Mr Carmichael, the MP for Orkney and Shetland, has in the past expressed his desire to have any memorials to Franklin -- such as that at Westminster Abbey -- removed in favor of Rae. But this would not serve justice; Rae himself was always effusive in his praise and empathy for Franklin and his men, and he never made such a claim in his life. There is no contradiction in honoring Franklin and Rae -- indeed, there is only a history of mutual regard, and enormous achievement on the part of both men in the face of danger. Let us honor Dr. Rae more -- and yet let us honor Sir John Franklin no less. I would gladly support the addition of a memorial to Dr. Rae at Westminster, but the idea of carting off the existing one to Franklin makes no sense.


  1. Well said, Professor! Although actually I feel a lot of the blame for the shabby treatment of Rae should be laid at the feet of Lady Franklin, in the face of whom the Admiralty always seemed completely spineless.

    People need to consider just why cannibalism was so horrifying to the Victorian mind (not that it's a particularly attractive to the twenty-first century one either). I suggest one reason was the prevailing belief in the physical resurrection at the Second Coming. Franklin and Lady Franklin were ardent Anglicans with an unshakeable belief in the literal truth of both the Old and New Testament. They both held absolutely to the ‘sure and certain hope’, as the Anglican prayer-book puts it, of the physical resurrection of the body. Which is of course only possible if your mortal remains are left to nature.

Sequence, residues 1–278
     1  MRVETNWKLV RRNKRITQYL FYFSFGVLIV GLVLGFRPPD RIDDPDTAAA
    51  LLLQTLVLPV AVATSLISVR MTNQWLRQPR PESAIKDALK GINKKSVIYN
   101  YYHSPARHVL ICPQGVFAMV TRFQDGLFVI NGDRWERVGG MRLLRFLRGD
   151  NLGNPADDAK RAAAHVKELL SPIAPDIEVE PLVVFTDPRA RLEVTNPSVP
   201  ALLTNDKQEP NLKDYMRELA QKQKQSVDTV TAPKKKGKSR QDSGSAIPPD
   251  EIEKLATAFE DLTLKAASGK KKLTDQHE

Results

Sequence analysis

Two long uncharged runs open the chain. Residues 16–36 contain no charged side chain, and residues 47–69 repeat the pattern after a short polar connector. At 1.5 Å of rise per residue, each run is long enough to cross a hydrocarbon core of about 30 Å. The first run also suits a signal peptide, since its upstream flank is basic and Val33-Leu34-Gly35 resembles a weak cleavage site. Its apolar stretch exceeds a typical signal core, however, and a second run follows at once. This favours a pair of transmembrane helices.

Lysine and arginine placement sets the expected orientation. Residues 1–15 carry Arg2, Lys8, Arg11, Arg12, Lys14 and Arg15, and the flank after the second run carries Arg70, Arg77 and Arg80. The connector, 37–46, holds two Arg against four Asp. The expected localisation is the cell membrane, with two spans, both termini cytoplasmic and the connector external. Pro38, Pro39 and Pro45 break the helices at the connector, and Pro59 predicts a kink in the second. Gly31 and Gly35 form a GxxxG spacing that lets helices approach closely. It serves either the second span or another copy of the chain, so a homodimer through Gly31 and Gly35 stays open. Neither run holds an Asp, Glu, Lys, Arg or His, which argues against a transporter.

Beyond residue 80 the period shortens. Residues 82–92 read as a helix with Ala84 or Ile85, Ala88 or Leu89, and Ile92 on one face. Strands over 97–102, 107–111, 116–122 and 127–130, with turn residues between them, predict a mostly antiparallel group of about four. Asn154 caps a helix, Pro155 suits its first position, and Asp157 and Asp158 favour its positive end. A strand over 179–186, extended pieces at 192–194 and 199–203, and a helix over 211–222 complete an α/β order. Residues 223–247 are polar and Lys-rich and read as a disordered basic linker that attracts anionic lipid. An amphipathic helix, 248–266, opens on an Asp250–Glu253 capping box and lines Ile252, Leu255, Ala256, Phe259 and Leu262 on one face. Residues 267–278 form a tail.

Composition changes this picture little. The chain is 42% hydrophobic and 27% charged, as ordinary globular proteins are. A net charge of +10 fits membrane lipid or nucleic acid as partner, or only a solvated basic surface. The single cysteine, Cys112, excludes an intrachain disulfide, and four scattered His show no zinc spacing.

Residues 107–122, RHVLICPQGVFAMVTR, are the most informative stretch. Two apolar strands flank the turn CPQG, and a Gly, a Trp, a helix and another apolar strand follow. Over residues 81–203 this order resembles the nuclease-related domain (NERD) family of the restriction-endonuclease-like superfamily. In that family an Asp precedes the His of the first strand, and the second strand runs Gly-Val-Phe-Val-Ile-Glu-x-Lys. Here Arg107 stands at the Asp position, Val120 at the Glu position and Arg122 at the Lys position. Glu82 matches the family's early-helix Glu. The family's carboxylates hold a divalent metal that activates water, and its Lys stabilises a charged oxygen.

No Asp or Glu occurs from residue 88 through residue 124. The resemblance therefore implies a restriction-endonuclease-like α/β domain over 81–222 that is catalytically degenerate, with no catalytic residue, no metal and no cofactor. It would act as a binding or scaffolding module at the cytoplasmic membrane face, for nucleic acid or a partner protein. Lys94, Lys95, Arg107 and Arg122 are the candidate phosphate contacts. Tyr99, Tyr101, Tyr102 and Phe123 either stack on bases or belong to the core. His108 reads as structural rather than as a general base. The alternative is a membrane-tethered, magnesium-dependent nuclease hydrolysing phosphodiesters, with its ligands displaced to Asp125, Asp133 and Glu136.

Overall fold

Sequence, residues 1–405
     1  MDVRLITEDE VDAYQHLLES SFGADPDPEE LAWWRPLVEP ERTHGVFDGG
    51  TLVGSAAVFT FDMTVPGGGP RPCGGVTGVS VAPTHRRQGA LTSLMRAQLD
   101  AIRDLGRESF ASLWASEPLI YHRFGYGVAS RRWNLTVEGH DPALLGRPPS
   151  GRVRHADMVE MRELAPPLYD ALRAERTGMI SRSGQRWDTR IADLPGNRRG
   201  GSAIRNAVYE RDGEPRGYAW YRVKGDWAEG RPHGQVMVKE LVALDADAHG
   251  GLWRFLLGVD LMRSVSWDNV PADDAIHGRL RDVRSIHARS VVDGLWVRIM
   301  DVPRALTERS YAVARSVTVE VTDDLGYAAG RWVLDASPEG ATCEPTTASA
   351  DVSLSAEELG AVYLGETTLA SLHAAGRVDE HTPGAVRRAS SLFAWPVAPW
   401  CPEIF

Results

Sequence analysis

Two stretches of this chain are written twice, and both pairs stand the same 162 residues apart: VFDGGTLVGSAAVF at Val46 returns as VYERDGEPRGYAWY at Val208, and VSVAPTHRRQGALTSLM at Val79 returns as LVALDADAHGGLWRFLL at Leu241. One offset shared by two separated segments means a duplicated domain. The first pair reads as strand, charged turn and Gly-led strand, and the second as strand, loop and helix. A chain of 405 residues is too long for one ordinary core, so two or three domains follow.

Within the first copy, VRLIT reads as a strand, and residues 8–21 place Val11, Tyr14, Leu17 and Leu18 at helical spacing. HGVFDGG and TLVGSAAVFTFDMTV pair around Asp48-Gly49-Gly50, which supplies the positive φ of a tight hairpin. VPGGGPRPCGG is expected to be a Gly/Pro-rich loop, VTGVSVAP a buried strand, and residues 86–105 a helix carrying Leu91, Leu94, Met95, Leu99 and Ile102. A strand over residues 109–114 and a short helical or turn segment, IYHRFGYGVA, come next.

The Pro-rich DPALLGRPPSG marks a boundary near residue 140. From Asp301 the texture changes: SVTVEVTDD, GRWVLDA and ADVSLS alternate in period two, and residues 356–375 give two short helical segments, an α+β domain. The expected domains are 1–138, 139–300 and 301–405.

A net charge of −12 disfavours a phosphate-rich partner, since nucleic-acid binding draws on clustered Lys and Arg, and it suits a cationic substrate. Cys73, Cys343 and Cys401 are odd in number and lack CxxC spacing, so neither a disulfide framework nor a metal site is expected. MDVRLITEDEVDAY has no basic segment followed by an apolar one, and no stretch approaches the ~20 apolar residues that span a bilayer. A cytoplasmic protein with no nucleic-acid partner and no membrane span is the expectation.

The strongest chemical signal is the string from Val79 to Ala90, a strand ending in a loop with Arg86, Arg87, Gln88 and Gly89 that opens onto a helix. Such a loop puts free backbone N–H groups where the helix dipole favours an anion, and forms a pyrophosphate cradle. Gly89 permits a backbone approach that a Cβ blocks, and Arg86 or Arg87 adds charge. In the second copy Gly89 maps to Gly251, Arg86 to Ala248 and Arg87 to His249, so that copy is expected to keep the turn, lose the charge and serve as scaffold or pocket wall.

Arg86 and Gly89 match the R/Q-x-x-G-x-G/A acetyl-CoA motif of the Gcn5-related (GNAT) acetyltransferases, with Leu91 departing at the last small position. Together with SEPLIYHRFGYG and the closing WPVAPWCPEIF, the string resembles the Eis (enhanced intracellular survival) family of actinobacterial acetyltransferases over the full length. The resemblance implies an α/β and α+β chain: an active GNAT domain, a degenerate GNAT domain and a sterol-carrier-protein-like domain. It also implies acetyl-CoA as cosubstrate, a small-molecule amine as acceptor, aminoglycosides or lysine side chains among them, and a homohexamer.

To Lady Franklin, the members of the Expedition were shipmates of Sir John’s in his role as Captain and leader, but they were also parishioners of his in his parallel role as spiritual head of the Expedition. He and she took is role as spiritual leader very seriously. For the members of the Expedition who died and were respectfully buried, as the three at Beechey island were, Sir John had clearly done his spiritual duty. Their mortal remains lay there, and do so still, awaiting the Last Post and physical resurrection at the time of the Second Coming. But the members of the Expedition whose remains were cannibalised were physically incorporated into the remains of other members, and this compromised their prospect of a future physical resurrection. It was one thing for Lady Franklin to accept that her husband had failed in his temporal mission in not completing the North West Passage and being responsible for the death of all his men. It was a completely separate matter, and in a way a more serious one, for her to admit publicly that Franklin had failed in his spiritual duty also. I would suggest that the reason why her reaction to the news Rae brought back was so disproportionate was that, by refusing their shipmates the opportunity of redemption, it showed that some of Franklin’s men had turned from the teachings of the Bible. This was a huge blow to the posthumous reputation of Franklin as spiritual leader.

    This is not remotely to condone the way she reacted and the slandering and abusing of the Inuit, Rae and anyone else associated with this. It is just to explain WHY cannibalism was for her far, far more than just a dietary matter.